Are inexpensive smartphones the future of ICT4D?
August 12, 2011 Editor 0
I am Andrew J. Dupree, and nine months ago, I found myself in the same state as many other nights in my life as a computer engineering student – staring at my computer, trying to work. I was writing my first research proposal, to be submitted to the National Science Foundation as part of my application for a graduate school fellowship. Unfortunately, I had no idea what to write.
I have been interested in making computers more ubiquitous for some time. I thought I would cobble together something about low-power computer hardware and call it a day. But this rang hollow to me. Instead, I found my mind wandering back to the summer I had just spent working in Eric Brewer’s Technology and Infrastructure for Emerging Regions (TIER) laboratory at the University of California, Berkeley.
I had been tasked with helping to create medical devices that used low-cost sensors interfaced with a mobile phone for computation and diagnosis. Dr. Brewer firmly believed that mobile phones, with their phenomenal growth, were the key to expanding computer-based problem solving around the world.
At a glance, the numbers support his belief. Over half of the world’s mobile phone subscribers live in the developing world. The growth rate in Africa is some 60% per year, and Southeast Asia boasts around 25% per year. There is no doubt that the mobile phone is unprecedented as far as the spread of technology is concerned.
I did notice one troublesome problem. The cost of mobile phones powerful enough to serve as a basic computing platform – aka smartphones – is prohibitive. A new smartphone (not subsidized with a lengthy contract) is going to set you back around a couple hundred dollars. Indeed, the phone we were using at TIER for our prototype retailed for around $400.
But why is this? The processors that are the heart of most smartphones are very cheap – less than $30 if bought in bulk. The communication electronics are inexpensive as well. Android OS is open source. It stands to reason that if one were to develop a smartphone with cost in mind, a fairly inexpensive model could be created.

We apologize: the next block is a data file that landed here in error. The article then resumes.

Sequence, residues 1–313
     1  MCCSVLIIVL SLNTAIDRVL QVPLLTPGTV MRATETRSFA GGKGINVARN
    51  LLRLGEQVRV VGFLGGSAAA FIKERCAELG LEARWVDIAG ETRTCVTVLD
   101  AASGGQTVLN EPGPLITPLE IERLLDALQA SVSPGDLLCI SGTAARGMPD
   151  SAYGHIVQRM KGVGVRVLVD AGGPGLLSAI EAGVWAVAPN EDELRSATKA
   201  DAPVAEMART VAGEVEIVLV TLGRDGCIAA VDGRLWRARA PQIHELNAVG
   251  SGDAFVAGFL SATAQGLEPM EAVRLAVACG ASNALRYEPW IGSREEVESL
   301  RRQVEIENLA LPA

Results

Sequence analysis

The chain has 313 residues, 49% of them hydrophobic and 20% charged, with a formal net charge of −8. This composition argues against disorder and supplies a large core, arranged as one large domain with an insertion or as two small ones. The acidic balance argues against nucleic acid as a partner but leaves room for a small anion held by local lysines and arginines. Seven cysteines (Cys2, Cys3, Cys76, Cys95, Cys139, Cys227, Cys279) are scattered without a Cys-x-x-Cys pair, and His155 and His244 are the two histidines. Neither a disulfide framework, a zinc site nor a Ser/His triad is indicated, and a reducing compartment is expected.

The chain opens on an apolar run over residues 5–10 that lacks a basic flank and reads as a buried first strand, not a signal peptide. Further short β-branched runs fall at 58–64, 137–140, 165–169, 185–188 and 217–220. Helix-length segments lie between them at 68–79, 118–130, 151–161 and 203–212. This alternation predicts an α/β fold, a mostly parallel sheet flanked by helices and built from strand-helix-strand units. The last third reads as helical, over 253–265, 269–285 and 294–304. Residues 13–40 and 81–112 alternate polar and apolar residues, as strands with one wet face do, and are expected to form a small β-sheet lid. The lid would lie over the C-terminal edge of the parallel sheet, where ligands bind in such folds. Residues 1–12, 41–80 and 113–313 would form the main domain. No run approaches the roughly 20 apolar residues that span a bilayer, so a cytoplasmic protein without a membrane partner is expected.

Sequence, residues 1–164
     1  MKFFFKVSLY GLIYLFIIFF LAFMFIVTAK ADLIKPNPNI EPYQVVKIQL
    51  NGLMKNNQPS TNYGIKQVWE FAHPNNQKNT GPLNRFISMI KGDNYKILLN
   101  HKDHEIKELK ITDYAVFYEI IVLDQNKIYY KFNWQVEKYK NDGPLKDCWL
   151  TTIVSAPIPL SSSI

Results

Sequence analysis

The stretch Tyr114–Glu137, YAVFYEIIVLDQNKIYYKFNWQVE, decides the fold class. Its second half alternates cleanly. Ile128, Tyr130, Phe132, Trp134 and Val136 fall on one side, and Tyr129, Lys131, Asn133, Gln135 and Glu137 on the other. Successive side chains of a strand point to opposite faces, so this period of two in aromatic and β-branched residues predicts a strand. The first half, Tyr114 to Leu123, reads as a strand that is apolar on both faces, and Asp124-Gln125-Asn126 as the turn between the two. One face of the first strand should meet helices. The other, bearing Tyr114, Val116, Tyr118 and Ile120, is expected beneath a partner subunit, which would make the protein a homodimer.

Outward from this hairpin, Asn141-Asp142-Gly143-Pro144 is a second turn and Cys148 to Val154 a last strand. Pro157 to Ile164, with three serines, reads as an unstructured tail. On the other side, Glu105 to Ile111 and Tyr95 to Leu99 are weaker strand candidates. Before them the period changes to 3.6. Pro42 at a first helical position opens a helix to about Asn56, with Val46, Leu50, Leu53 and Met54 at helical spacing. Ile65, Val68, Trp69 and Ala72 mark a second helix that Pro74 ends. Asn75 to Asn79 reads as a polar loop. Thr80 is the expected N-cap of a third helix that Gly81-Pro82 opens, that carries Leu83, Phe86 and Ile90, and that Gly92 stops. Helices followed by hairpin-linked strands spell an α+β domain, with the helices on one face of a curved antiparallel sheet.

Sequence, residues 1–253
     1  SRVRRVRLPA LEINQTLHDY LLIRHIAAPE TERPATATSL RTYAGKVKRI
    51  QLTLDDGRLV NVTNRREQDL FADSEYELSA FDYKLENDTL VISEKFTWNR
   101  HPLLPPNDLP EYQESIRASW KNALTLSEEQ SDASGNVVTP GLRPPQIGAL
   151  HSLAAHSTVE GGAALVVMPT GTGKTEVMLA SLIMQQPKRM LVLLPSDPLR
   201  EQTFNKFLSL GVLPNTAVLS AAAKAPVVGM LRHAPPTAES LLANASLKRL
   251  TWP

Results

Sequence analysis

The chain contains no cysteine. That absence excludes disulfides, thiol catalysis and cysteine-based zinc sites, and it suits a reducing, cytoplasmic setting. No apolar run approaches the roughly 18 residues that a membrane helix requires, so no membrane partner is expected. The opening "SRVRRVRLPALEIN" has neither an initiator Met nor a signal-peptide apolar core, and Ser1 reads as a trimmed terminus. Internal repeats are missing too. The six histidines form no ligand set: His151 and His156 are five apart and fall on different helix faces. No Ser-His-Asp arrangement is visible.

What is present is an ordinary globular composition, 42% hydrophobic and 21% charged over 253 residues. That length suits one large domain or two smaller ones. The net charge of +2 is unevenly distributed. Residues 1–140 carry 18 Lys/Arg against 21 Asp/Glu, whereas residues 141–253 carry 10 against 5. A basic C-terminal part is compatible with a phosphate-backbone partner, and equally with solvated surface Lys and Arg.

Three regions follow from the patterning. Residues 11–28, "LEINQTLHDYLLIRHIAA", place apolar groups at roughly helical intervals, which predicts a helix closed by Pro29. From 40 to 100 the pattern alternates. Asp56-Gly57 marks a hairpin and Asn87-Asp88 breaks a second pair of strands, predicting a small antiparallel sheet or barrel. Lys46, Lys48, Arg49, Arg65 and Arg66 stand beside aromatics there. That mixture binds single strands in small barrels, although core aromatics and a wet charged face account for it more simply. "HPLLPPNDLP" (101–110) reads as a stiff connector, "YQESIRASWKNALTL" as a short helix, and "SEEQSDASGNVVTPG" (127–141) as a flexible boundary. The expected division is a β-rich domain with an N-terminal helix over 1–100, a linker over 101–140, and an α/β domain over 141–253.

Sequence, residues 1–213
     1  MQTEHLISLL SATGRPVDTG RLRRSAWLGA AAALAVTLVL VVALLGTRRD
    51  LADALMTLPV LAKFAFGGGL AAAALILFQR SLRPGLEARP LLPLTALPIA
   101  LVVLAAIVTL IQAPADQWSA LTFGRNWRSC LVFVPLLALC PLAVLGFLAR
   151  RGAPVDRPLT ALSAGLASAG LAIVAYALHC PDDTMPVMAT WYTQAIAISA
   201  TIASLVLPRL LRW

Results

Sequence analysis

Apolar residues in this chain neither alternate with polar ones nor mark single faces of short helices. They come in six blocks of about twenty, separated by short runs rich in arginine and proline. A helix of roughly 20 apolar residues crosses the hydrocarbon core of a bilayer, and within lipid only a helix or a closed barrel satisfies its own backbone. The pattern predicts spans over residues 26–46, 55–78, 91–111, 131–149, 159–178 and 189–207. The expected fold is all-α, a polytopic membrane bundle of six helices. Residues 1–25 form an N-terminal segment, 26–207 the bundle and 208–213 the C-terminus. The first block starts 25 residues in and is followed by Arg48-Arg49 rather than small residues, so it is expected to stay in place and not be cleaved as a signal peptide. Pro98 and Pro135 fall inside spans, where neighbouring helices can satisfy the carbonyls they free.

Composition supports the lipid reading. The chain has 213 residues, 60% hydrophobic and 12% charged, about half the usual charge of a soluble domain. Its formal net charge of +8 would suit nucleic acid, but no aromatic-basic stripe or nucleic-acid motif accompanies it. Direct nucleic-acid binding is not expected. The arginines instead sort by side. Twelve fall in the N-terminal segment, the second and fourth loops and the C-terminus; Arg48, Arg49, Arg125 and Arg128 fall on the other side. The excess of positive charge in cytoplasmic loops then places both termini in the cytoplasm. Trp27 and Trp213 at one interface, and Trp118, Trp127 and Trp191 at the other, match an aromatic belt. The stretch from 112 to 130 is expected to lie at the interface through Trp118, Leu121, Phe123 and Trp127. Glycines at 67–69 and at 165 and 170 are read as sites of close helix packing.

I decided to write my research proposal on this idea. “Development of a Smartphone Mobile Computing Platform for Technical Innovation in Emerging Regions,” I called it. The NSF seemed to like it, as I got the fellowship.
However, it seems that others have beaten me to it. Huawei’s $100 smartphone is already on the market, and “iPhone Lite” rumors are flying fast and furious. Maybe the smartphone is already becoming a commodity.
But should ICT4D practitioners be excited? Can the mobile phone do better what projects like OLPC have attempted? Could a low-cost smartphone piggyback on the rapid spread of the mobile phone in the developing world, bringing with it rich applications for e-learning, e-business, and more?
Even if you think the answers to these questions are yes, it might not matter. Smartphone penetration in Africa is very low and likely to stay that way, according to a study by Informa Telecom and Media. They cite “low penetration of mobile broadband networks, the lack of compelling local content and the proliferation of prepaid subscribers” as reasons why the percentage of smartphones in Africa – currently 3% – will still be less than 15% by 2015.
So are smartphones the “digital bridge” we have been waiting for? Or just another Western oversimplification? Without a multi-pronged effort to create cheaper phones, contextualized content, and business models tailored to the developing world, we may never find out. What I am wondering now, is it worth the effort?
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